Lundin stakes sold over rights probe rejection

Swedish insurance giant Folksam as well as the Handels trade union are dumping their shares in Lundin Petroleum over the oil company's refusal to agree to an independent probe of suspected human rights violations committed in connection with its operations in Sudan and Ethiopia.

Lundin stakes sold over rights probe rejection
Egbert Wasselink holds a report he authored detailing alleged Lundin abuses

Lundin Petroleum has previously been accused of having committed human rights violations in connection with its oil drilling activities in Sudan and Ethiopia between 1997 and 2003.

“We think that we tried in every way available to us to influence Lundin’s board and management to clean up its past. At the annual meeting about a month ago they chose not to listen to the 22 percent who voted for our proposal for an independent investigation,” Carina Lundberg Markow, head of responsible ownership at Folksam, told the TT news agency.

Folksam called for an independent investigation of Lundin Petroleum’s actions in Sudan and Ethiopia at the oil company’s May 10th annual meeting after a preliminary criminal probe had been launched into Lundin’s operations in east Africa.

But the Lundin board, which continues to deny the accusations of criminal wrongdoing, flatly rejected the proposal.

At the general meeting, 78 percent of shareholders voted against launching an independent probe, while 22 percent voted in favour of Folksam’s proposal.

“So now our collective assessment is that the company looks okay from a sustainability perspective and has a good risk structure. But in light of their refusal to deal with the past, we’ve decided to back out as owners,” said Lundberg Markow.

Folksam owns 1.2 percent or about about 3.8 billion shares of Lundin. Calculated at Wednesday’s closing share price of 130 kronor ($17.90), Folksam’s stake has an overall value of 490 million kronor.

Lundberg Markow added that she was uncertain whether Folksam’s decision to sell its stake in Lundin would have any effect on the Swedish oil firm.

“It’s hard to say, but if they are going to be the oil company of the Swedish people, they are going to lose out on a number of indirect owners,” she said.

She was also hopeful that any new owners that would take over Folksam’s stake in Lundin would continue to pursue the issues championed by the Swedish insurance company.

“It’s very possible. And that’s a dilemma for us, which is why we’ve tried to stay on as owners as long as we could. When the last active owners have sold, then there won’t be any left who can place demands. But we’ve found that we can get any further,” said Lundberg Markow.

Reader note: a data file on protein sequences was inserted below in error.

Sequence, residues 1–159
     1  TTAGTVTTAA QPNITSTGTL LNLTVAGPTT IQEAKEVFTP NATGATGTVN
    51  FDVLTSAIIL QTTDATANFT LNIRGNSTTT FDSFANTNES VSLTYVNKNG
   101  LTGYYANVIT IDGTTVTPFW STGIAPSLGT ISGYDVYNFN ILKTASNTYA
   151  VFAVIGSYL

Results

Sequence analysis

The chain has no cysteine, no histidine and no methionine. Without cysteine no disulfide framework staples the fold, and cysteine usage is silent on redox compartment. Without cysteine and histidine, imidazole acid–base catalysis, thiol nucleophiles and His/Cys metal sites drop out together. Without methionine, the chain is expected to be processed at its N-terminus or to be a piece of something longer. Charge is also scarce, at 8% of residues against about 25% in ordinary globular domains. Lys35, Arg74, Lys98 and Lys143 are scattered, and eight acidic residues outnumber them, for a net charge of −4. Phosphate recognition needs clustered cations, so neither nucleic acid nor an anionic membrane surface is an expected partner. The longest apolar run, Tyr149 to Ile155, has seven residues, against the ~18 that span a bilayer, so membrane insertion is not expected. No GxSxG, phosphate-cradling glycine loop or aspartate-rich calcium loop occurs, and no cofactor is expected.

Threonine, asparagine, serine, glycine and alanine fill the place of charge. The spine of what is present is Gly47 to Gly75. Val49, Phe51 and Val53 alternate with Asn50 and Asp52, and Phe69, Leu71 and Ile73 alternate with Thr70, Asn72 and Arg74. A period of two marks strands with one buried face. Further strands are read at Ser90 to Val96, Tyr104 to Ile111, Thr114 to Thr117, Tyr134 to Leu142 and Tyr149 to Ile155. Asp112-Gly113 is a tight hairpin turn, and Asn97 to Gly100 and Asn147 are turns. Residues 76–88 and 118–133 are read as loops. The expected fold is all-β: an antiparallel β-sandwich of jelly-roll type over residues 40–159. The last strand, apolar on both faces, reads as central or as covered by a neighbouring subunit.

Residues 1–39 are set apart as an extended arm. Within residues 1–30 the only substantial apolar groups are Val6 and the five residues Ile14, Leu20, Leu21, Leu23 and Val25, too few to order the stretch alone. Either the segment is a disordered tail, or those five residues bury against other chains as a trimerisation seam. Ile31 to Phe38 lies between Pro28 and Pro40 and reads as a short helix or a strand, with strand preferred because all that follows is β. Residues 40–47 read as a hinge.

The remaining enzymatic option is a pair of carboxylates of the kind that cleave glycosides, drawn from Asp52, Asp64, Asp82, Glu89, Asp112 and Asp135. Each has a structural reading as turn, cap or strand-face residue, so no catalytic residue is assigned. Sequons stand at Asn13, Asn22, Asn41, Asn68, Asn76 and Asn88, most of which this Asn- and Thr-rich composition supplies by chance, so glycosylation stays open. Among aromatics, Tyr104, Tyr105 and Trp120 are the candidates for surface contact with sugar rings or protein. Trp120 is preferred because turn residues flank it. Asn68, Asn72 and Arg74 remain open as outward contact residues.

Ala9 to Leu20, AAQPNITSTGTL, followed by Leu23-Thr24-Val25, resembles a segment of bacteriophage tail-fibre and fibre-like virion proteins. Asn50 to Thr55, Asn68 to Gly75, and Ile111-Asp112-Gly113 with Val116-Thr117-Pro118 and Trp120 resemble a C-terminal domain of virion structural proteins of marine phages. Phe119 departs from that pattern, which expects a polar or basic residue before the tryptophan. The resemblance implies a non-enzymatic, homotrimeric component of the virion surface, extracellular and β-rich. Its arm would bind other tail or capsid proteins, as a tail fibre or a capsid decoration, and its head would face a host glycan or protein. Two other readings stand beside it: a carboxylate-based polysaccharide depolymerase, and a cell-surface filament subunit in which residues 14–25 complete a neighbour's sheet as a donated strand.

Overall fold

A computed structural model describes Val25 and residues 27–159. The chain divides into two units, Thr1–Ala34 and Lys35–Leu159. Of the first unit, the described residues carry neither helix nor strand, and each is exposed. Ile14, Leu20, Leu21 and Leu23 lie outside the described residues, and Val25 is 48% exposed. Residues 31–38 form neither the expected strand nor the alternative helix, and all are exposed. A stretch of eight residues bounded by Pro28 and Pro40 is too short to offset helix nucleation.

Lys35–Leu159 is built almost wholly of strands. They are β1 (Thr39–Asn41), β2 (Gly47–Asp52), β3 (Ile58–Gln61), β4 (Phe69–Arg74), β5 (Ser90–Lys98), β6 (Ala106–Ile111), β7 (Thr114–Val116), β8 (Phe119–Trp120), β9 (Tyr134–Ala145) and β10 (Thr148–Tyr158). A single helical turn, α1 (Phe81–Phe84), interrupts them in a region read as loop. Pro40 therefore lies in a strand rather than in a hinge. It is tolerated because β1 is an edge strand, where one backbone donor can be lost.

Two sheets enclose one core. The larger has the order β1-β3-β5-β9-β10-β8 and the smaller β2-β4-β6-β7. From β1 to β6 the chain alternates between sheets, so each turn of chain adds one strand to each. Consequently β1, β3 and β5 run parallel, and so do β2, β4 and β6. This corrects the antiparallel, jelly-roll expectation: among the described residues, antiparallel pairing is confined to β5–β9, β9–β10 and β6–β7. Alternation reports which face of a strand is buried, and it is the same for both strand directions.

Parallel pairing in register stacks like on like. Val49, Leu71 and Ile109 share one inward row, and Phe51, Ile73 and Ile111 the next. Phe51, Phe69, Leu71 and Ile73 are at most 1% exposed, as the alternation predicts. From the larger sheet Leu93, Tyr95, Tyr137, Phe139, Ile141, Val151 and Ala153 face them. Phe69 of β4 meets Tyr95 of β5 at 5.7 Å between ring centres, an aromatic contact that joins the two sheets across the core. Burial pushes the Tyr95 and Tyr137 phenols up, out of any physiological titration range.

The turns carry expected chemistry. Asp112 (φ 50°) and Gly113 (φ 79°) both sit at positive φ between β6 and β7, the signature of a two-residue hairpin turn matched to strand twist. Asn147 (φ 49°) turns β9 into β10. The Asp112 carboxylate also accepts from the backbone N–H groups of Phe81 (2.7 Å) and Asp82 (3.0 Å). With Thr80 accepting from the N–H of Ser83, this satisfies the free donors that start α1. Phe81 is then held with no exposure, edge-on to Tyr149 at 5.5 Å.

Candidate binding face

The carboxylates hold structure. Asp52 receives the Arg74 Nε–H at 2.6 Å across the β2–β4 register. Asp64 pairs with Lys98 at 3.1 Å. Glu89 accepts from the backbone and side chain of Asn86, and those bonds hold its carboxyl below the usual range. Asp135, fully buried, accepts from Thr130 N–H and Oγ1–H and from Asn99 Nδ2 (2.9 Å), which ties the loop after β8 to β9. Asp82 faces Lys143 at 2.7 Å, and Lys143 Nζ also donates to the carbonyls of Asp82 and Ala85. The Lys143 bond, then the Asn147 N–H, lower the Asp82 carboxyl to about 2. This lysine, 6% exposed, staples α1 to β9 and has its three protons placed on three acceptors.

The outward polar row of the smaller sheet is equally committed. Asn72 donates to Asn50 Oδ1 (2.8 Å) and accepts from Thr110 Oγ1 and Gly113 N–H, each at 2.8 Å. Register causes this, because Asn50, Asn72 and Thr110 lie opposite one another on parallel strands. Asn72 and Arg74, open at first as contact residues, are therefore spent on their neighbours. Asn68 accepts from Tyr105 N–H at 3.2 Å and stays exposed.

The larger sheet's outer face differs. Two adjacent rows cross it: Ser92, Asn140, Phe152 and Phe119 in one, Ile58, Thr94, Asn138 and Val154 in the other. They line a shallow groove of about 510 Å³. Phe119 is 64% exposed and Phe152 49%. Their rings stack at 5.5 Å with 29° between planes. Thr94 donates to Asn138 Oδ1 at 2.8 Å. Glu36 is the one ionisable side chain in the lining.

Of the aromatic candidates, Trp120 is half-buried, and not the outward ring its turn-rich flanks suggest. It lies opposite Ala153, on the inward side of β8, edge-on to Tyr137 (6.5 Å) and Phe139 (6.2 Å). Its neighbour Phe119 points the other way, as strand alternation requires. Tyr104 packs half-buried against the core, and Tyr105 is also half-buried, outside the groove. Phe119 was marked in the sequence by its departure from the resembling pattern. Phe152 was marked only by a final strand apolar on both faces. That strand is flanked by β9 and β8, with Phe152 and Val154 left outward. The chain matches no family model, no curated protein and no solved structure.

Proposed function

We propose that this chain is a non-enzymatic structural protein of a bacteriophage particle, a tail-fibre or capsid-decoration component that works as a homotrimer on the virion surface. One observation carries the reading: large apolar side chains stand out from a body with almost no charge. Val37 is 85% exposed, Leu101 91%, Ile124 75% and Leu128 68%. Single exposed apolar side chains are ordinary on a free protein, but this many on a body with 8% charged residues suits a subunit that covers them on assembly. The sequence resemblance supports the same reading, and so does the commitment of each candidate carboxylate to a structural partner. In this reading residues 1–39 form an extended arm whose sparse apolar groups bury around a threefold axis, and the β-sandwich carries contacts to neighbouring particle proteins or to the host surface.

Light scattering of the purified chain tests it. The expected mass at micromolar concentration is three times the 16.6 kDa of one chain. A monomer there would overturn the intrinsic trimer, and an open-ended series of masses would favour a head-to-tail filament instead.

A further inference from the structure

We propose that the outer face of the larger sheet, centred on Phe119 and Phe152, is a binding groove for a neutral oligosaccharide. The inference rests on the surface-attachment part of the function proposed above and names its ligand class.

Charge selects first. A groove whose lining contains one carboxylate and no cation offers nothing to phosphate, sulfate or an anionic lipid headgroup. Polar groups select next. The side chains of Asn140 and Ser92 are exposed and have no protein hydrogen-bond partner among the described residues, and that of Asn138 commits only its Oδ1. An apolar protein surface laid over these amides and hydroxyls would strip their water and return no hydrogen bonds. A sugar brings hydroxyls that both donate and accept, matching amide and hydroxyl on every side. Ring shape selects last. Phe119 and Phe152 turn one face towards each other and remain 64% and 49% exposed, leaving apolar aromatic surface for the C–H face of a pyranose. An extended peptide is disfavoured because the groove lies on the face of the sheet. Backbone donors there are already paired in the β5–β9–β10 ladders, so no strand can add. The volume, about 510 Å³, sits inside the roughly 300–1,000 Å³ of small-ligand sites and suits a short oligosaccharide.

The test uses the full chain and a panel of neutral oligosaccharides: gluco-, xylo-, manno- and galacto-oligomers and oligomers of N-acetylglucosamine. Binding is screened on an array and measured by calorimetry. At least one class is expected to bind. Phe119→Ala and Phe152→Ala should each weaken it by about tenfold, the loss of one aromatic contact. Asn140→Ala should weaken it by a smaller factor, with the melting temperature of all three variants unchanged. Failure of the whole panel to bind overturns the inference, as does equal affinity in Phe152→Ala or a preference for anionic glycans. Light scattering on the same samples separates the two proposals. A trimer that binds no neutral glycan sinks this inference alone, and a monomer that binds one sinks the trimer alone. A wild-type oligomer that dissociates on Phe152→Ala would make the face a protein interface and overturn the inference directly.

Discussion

Following Wednesday’s announcement by Folksam, the Handels retail trade union association said on Thursday it too would sell off it’s Lundin ownership stake, estimated to be worth about 3 million kronor.

“As soon as we learned that Folksam was selling its shares, we decided to sell ours,” Lars-Anders Häggström, chair of Handels, told the organization’s Handelsnytt newspaper.

Member comments

Log in here to leave a comment.
Become a Member to leave a comment.


More Swedes prefer dogs to cats: study

A new survey has revealed that more Swedes identify themselves as a dog person instead of a cat person, with almost six in ten saying they prefer canines over felines.

More Swedes prefer dogs to cats: study

The study was carried out by Swedish insurance company Folksam who asked over 2,000 people which of the two animals they preferred. When the results came in it was found that 58 percent have a preference for dogs. 

"Most have a clear picture of what category they belong to,"Jan Lindblom of Folksam told the TT news agency.

Dogs also seem to be more popular with Swedes as they get older. In the age group of 56-79 of those surveyed it found that 63 percent prefer dogs.

By contrast, in the 14-35 age category it was an even split of 50 percent saying they like the typical domestic pets.

The study also seemed to back up the cliché of a dog being man's best friend with 60 percent of males saying they are a dog person. For women the figure was 55 percent.

Those findings were a surprise for the president of the Swedish kennel club Ulk Uddman.

"That's not my picture. Our experience is that it is women who take care of the dog to a greater extent. We also have more women as members," Uddman told TT.

Uddman added that 'dog people' tend to be those who enjoy being outdoors and said the stats about older people preferring dogs weren't a great surprise.

"It is probably connected with the fact that older people have more time. Very many want a dog but they can't solve the practicalities of it when they are younger," said Uddman.  

TT/The Local/pr